A team of researchers has uncovered evidence of an “intermediate-mass” black hole that is being hailed for being not too big and not too small.
(CN) — Long rumored to exist but never found, scientists have discovered a new type of black hole that is noteworthy not for being among the biggest or smallest of black holes, but for being in-between.
Few objects in the dark reaches of the cosmos have captured the fascination and imagination of scientists quite like black holes. First definitively discovered in the 70s, black holes are bodies of space that command such strong gravitational pulls that nothing — not even light itself — can escape from it, and researchers have long sought to explore the untold mysteries that surround their existence.
One aspect of black holes that has garnered particular attention among scientific circles is how they can vary so wildly in size. This is because they are typically lumped into two categories: stellar-mass black holes and supermassive black holes. Stellar-mass black holes tend to be smaller beings, typically around 10 to 100 times the mass of our sun, while supermassive black holes can reach sizes up to a billion times the size of our sun and can serve as some of the largest known objects in the universe.
Due to this tremendous discrepancy in size between these two types of black holes, researchers have long theorized that there exists what they call the intermediate-mass black hole. These types of black holes would act as a kind of bridge between the two sizes, as they would be far bigger than the comparatively tiny stellar-mass black holes but not nearly as shockingly large as the supermassive variety.
The problem with these “goldilocks” black holes is that experts have never actually been able to find one — until now.
In a study published Monday in Nature Astronomy, researchers from the University of Melbourne and Monash University in Australia reveal that they have discovered a black hole roughly 55,000 times the mass of our sun, a size that fits perfectly into what researchers long guessed an intermediate sized black hole would look like.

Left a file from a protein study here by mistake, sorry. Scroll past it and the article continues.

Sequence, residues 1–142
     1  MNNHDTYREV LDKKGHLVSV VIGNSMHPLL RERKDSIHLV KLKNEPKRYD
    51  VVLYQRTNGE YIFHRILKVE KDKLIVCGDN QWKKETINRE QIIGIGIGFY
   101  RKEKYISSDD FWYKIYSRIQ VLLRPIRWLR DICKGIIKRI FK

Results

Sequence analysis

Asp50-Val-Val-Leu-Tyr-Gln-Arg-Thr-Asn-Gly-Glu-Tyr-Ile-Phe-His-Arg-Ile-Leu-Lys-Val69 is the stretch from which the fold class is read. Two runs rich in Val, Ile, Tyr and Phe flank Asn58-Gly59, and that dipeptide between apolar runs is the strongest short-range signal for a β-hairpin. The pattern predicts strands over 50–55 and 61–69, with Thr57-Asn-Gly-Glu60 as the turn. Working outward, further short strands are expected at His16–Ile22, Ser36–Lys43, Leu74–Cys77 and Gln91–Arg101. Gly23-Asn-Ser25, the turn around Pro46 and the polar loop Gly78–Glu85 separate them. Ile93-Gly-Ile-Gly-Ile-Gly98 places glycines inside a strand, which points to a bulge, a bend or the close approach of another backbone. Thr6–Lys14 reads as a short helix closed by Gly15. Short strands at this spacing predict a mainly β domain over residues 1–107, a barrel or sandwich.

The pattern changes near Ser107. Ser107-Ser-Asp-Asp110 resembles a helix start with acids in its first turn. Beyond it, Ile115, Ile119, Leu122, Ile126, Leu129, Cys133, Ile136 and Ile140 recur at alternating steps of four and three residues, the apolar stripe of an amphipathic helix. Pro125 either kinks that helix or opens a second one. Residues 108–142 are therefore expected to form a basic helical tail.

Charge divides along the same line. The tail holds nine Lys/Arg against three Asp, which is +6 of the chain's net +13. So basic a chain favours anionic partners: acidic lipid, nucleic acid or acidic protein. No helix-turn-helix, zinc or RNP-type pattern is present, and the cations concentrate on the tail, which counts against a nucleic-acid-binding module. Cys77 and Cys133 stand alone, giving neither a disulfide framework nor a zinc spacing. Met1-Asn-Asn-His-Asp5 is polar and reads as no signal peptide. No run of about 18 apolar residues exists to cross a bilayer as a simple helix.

On top of confirming the existence of a new classification of black holes, experts say they believe that this discovery could help them understand how some black holes can balloon in size. Researchers think these average sized black holes may even be cosmic seeds, of sorts, that supermassive black holes are ultimately formed from.
“While we know that these supermassive black holes lurk in the cores of most, if not all galaxies, we don’t understand how these behemoths are able to grow so large within the age of the Universe,” James Paynter, University of Melbourne PhD student and lead author of the study, said in a statement.
Experts say they discovered this new black hole through a large gamma-ray burst in the reaches of space that alerted them to this new body. The gamma-ray burst, lasting no longer than half a second, came as a result of two distant stars merging together and when experts observed the resulting light energy, they noticed that it came with a strange echo. The echo, they determined, was the work of their newly discovered black hole that bent the light so completely they were actually able to observe it twice.
From there, the scientists were able to use complex software to confirm that they were witnessing not just the influence of a black hole, but a black hole that fell within the long-fabled intermediate size zone.
Experts say that with this new discovery, they believe they have the information they need to calculate just how many of these goldilocks black holes are out there. Using the data from this singular object, researchers say there may be around 46,000 other black holes just like it around the Milky Way alone.
Rachel Webster, from the University of Melbourne and co-author on the study, says this crucial discovery has been a long time coming and represents a tremendous leap forward in our understanding of these mysterious cosmic giants.
“Using this new black hole candidate, we can estimate the total number of these objects in the Universe,” Webster said. “We predicted that this might be possible 30 years ago, and it is exciting to have discovered a strong example.”